A recent survey conducted by the Asan Institute of Policy Studies in Seoul following President Xi’s visit suggest that, PRC, however, still has a long way to go in securing its place in ROK citizen’s hearts and minds. The survey, showed South Koreans had a more favourable view of China than they did last year however the US remains the most popular foreign country and the most important ally. Likewise, 59.6 percent of respondents want ROK to strengthen cooperation with the U.S when compared with 24.9 percent who thought cooperation should be boosted with China. A clear majority believes that PRC’s economic rise (69.9%) and military rise (63.6%) are threat to ROK.
Implications for Northeast Asian Security Order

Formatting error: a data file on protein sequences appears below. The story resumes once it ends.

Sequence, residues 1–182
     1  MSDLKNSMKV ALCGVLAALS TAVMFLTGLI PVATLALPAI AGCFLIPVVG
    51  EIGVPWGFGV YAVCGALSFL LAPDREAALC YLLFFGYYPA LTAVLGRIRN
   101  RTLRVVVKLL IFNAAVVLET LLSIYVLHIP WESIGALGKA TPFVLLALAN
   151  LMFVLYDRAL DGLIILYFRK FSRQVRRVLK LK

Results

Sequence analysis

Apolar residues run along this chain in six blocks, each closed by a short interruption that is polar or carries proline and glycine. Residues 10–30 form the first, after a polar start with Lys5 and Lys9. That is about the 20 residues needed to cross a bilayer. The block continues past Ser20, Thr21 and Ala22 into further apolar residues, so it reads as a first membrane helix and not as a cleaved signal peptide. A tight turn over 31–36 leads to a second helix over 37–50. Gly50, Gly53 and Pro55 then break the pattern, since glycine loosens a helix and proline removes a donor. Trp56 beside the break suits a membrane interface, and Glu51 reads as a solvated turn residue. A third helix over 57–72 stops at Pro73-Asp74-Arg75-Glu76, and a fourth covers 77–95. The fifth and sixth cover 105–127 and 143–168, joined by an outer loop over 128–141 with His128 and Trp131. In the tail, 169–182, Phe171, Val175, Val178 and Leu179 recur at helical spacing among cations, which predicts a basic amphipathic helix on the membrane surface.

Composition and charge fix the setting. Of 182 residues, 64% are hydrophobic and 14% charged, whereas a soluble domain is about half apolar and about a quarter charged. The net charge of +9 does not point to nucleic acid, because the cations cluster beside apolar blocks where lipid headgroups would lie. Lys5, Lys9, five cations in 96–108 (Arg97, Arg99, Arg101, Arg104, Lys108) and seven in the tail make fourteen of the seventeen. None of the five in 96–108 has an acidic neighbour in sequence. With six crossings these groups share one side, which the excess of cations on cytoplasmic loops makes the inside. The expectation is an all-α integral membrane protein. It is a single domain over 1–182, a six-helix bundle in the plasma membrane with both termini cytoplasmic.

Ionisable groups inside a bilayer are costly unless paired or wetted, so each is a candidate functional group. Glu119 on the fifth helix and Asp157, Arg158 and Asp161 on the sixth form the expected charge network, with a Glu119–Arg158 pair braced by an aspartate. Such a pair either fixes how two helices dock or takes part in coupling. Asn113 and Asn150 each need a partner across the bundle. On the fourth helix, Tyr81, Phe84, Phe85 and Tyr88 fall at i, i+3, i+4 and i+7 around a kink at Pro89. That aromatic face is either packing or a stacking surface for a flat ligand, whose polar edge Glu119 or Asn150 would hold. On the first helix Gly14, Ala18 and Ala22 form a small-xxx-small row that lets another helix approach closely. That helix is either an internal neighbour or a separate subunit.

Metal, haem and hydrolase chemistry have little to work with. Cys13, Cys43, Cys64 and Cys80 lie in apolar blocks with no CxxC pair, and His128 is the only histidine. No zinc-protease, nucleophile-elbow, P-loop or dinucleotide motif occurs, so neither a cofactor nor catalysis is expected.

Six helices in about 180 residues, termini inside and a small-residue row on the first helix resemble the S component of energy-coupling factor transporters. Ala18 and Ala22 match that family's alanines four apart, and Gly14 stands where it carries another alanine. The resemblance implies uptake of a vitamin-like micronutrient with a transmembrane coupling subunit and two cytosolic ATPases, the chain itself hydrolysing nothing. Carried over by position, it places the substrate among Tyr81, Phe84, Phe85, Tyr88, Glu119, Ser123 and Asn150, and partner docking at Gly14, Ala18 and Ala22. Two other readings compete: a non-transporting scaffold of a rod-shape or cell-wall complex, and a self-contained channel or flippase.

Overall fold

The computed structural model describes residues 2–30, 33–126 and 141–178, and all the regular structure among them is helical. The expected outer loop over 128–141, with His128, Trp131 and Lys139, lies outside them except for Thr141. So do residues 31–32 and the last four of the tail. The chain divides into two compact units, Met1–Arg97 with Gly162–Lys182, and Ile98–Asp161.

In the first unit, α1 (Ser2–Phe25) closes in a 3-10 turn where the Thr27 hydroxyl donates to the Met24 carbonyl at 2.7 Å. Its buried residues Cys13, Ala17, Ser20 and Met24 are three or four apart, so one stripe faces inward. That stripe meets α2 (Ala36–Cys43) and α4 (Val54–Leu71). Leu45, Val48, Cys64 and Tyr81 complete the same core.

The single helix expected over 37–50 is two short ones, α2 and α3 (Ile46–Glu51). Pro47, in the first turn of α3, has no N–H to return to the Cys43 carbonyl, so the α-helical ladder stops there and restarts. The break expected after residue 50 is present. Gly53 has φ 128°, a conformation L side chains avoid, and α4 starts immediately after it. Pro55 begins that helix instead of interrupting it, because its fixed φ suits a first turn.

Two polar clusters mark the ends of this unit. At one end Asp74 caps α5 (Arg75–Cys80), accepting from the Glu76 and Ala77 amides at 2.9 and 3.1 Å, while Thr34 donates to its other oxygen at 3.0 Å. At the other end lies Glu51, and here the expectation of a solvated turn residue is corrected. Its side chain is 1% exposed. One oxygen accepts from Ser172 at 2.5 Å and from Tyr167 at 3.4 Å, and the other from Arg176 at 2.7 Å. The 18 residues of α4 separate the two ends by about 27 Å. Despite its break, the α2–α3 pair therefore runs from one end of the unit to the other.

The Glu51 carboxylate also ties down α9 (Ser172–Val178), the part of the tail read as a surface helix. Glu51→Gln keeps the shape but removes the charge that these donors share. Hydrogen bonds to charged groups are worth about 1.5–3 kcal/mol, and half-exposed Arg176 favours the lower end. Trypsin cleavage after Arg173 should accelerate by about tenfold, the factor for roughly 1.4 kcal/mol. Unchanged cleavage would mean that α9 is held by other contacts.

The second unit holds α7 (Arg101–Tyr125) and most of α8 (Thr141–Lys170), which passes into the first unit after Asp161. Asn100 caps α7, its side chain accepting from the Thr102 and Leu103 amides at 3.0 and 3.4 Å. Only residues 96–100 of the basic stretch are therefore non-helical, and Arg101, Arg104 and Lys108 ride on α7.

The increasing divergence of economic and security interest of Northeast Asia countries along with unsettled national identity questions challenge the sustainability of existing security order and complicates formation of new multilateral institutions in the region. The ROK’s foreign policy dilemma is illustrative of this complexity, on the one hand Seoul is obsessed with strengthening its security alliance relations with US but has also have huge stakes in cooperating PRC economically, for reasons of national identity Seoul’s diplomatic and political engagement with Tokyo has have its limitations and it is necessary for Seoul to both deter and engage DPRK to maintain peace and stability in Korean peninsula. Today other countries in Northeast Asia share similar kind of dilemma of varying degree, hence the new reality demands for a change in Cold War regional security and institutional order, which was built around the premises of a converged security and economic interest, but region exhibits a strong tendency of inertia against any institutional change. The Northeast Asian situation presents a case of strategic dead lock, where any change to the Cold War security order is perceived as instability.